Dating in 2018 gets a bad rap. Using app algorithms to find human connection is tricky, and "human connection," means different things to different people. My dad recently admitted to me that he thought dating apps were like the now-defunct Craiglist "Personal Ads" page, specifically, the "Seeking Casual Sex" portion. (Which is why he'd looked so horrified any time my brother or I mentioned using them.) Different people use dating apps in different ways, depending on what they're looking for. So what do you put on your dating app bio if you want a relationship?
I co-host a podcast about dating, and our listeners write in about dating qualms, bad date stories, and more. With every email about anxious overthinking, blatant ghosting, or a situationship troubles, there seems to be one piece of advice that applies to all situations: make sure you communicate what you want.
Or what I like to call, "Say it, don't spray it." Don't drop hints or send angsty texts because you want more than you have from the person you're "seeing" — just tell them what you want. It's scary AF, but it will save you time and tears in the long run. If there's one piece of relationship advice I could go back and give my recently graduated, 21-year-old self, it would be to ask for what I want.
This is why I don't think it's a bad idea to make it clear from the get-go that you're not looking for a casual hookup on your dating app bio. Just say it! However, I have to admit that when I read a profile that says "Serious relationships only," I feel a weird pressure to not disappoint a stranger who I haven't even been on one date with — eek!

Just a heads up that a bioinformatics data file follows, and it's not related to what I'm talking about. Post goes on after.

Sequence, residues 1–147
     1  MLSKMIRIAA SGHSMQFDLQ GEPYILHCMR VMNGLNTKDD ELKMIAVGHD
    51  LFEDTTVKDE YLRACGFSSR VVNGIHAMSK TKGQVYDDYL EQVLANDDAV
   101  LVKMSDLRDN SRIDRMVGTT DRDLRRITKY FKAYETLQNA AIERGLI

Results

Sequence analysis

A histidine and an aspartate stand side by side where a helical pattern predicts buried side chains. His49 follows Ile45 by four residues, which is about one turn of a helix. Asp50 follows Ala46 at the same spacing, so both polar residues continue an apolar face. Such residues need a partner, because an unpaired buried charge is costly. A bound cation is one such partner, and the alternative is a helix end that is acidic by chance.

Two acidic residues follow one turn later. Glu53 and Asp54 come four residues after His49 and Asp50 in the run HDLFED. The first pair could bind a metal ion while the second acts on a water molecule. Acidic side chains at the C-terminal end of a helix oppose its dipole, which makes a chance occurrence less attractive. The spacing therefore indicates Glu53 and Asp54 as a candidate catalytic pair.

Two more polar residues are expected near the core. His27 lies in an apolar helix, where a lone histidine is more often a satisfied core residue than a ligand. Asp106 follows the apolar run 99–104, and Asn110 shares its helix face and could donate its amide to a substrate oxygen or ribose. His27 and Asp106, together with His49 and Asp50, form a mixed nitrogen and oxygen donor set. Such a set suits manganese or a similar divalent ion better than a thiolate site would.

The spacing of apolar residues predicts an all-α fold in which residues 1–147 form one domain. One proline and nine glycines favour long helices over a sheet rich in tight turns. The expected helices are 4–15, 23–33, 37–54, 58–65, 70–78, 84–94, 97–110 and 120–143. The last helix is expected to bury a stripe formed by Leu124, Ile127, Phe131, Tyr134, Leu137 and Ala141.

My general philosophy when it comes to online dating is to take it one date at a time, and to try not to expect to find the love of your life on a first date. (That's usually just physical chemistry anyways.) Putting pressure on yourself to have a sixth sense for knowing what a person will be like in person after messaging them on an app for a while is all too much, and bound to lead to disappointment.
So while it's incredibly important to communicate what you want early in a relationship, if you're going to be explicit and put what you are looking for on your dating app profile, keep it light. Rather than writing, "I'm looking for marriage in the next three to five years," try something with a sense of humor like, "I'm DTFR, Down To Find A Relationship."
I must admit that reclaiming "DTF" was entirely inspired by comic genius Nicole Byer. She talks about her dating app profile on her podcast "Why Won't You Date Me?" and her profile includes, "I'm DTF... Down To Figure Skate." What I like about the "DTFR" version of Byer's line, is that it's legitimately funny, but still gets the point across — you're not looking for a casual fling, you're actually using the apps to hopefully find your person.
So, if you're swiping and on the apps looking for a relationship, it's really smart to make that clear early on. Throwing that out there on your dating profile is a great way to cut through all of the BS you're not interested in, but you can also wait and mention that after you see how the first date actually goes.
And if you're going to put "Looking for a relationship," on your profile? Keep it fun. I highly recommend, "I'm DTFR, Down To Find A Relationship," but I haven't had a chance to try it out yet. So please, if you give it a go, let me know how it works out. Happy dating!
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